William Barclay's Daily Study Bible

The Supreme Sacrifice (Hebrews 11:17-19)

11:17-19 It was by faith that Abraham offered up Isaac when he was put to the test. He was willing to offer up even his only son, although it had been said to him: "It is in Isaac that your descendants will be named." He was willing to do this for he reckoned that God was able to raise him even from the dead. Hence he did receive him back which is a parable of the resurrection.

The Isaac story, told in Genesis 22:1-18 , is that most dramatic account of how Abraham met the supreme test of the demand for the life of his own son. To some extent this story has fallen into disrepute. It is excluded from syllabuses of religious education because it is held to teach an unacceptable view of God. Or it is held that the point of the story is that it was in this way that Abraham learned that God did not desire human sacrifice. No doubt that is true; but, if we want to see this story at its greatest and as the writer to the Hebrews saw it, we must take it at its face value. It was the response of a man who was asked to offer God his own son.

(i) This story teaches us that we must be ready to sacrifice what is dearest to us for the sake of loyalty to God. There have been many who have sacrificed their careers to what they took to be the will of God. J. P. Struthers was the minister of the Reformed Presbyterian Church in Greenock, a little congregation, which, it is neither false nor unkind to say, had a great past but no future. Had he been willing to forsake the Church of his fathers, any pulpit in the land was open to him and the most dazzling ecclesiastical prizes were his; but he sacrificed them all for the sake of what he considered to be loyalty to God's will.

Sometimes a man may have to sacrifice personal relationships. He may feel called by God to a task in a sphere which is difficult and in a place that is unattractive and it may be that the girl he is to marry will not face it with him. The man must choose between the will of God and the relationship which means so much to him. When Bunyan was in gaol he was thinking of what must happen to his family if he was executed. Especially the thought of his little blind daughter, who was so dear to him, haunted him: "O," he said, "I saw in this condition I was a man who was pulling down his house upon the head of his wife and children; yet, thought I, I must do it, I must do it."

"The dearest idol I have known,

Whate'er that idol be,

Help me to tear it from thy throne,

And worship only thee."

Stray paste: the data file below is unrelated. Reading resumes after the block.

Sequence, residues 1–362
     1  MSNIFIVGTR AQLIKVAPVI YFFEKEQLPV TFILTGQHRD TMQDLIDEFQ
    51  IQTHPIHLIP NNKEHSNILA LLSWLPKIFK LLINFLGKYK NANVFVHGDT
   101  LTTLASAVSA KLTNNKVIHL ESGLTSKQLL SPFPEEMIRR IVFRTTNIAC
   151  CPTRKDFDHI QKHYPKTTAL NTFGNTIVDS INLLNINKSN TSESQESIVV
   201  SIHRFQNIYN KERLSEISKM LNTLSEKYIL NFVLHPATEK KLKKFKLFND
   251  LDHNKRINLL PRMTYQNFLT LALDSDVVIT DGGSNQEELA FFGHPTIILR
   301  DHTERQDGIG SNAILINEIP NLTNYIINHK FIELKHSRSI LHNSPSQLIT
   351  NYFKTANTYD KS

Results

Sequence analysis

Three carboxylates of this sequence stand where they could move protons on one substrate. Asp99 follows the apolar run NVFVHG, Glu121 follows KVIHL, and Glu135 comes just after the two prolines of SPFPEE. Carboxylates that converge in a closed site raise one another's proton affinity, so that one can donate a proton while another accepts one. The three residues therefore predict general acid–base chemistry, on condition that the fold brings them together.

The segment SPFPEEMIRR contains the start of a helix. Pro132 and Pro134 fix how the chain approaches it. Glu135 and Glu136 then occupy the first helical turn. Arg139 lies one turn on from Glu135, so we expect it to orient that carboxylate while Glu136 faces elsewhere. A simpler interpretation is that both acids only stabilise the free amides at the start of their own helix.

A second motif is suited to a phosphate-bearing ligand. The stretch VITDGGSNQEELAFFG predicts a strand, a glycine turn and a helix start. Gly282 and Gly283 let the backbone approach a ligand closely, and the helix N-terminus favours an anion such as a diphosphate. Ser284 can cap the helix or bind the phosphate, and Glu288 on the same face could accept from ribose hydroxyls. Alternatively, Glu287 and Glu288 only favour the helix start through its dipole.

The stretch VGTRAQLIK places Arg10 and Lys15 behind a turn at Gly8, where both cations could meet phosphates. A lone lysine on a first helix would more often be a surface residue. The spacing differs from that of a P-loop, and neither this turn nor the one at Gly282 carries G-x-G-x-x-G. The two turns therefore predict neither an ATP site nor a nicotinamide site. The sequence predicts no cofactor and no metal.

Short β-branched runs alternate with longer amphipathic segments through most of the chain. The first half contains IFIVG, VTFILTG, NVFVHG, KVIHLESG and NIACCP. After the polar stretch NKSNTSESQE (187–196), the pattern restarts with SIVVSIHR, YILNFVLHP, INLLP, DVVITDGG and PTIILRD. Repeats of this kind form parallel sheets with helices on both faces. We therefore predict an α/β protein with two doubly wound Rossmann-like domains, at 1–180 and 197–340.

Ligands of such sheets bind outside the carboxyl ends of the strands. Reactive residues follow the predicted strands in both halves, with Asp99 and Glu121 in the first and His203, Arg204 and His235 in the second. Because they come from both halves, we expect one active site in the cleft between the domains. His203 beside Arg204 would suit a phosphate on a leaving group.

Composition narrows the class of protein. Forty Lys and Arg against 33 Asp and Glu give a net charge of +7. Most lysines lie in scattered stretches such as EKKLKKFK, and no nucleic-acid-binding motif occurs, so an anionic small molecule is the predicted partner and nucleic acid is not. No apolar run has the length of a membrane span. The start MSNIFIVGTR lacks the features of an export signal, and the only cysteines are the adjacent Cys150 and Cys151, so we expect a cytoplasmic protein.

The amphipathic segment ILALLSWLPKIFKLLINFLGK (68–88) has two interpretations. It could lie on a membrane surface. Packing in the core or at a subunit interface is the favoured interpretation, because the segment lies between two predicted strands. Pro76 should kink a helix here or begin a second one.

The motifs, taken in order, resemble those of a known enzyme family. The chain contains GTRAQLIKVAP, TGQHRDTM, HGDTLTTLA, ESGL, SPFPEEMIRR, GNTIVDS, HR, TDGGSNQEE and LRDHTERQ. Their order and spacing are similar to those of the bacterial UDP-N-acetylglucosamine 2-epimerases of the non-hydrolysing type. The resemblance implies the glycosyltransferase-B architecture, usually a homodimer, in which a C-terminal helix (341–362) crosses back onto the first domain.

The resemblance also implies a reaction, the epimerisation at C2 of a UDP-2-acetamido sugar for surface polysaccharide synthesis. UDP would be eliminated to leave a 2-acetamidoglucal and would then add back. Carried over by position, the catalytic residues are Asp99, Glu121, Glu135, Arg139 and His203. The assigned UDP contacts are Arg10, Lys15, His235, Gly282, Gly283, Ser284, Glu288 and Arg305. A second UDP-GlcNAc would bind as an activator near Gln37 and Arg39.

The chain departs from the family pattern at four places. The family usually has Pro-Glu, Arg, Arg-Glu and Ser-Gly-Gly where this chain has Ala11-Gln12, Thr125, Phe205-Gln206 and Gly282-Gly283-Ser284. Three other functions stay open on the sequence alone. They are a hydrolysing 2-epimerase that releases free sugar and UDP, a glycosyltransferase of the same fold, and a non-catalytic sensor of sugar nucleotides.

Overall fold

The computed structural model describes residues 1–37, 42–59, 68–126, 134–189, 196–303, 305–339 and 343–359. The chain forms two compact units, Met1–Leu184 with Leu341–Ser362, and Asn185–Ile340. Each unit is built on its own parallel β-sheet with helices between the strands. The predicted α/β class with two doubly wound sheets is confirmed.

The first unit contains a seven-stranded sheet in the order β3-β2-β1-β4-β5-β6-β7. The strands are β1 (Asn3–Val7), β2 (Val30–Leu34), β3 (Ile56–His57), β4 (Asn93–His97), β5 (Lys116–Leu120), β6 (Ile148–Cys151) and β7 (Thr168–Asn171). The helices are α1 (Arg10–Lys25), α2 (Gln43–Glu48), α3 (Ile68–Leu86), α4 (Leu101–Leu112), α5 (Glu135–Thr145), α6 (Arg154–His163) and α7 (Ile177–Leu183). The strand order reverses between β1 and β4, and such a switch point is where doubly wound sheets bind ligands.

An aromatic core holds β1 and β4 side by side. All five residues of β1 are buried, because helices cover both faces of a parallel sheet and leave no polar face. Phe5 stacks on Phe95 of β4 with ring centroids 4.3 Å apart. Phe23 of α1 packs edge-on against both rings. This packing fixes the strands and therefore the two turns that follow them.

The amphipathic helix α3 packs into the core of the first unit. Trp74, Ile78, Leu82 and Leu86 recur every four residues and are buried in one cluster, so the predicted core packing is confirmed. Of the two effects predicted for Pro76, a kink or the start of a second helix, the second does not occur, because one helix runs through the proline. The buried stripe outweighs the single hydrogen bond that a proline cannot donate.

Abraham was the man who would sacrifice even the dearest thing in life for God. Time and again in the early Church it happened. In a home one partner became a Christian and the other did not; the children became Christians and the parents did not. The sword came down upon that home; and unless there had been those who counted Christ dearer than all else, there would be no Christianity today.

God must come first in our lives, or he comes nowhere. There is a story of two children who had been given a toy Noah's Ark as a present. They had been listening to the Old Testament stories and determined that they too would offer a sacrifice. They examined the animals in their toy ark and finally decided on a sheep with a broken leg. The only thing they would offer was a broken toy they could well do without. That is the way in which so many people would like to sacrifice to God; but only the dearest and the best is good enough for him.

(ii) Abraham is the pattern of the man who accepts what he cannot understand. To him there had come this incomprehensible demand. It did not make sense. The promise was that in Isaac his seed would grow and grow until he became a mighty nation in which all others would be blessed. On the life of Isaac depended the promise; and now God seemed to want to take that life away. As Chrysostom put it: "The things of God seemed to fight against the things of God, and faith fought with faith, and the commandment fought with the promise." For everyone at some time there comes something for which there seems to be no reason and which defies explanation. It is then that a man is faced with life's hardest battle--to accept when he cannot understand. At such a time there is only one thing to do--to obey and to do so without resentment, saying: "God, you are love! I build my faith on that."

(iii) Abraham is the pattern of the man who, with the test, found a way of escape. If we take God at his word and stake everything on him, even when there seems to be nothing but a blank wall in front of us, the way of escape will open up.

- William Barclay's Daily Study Bible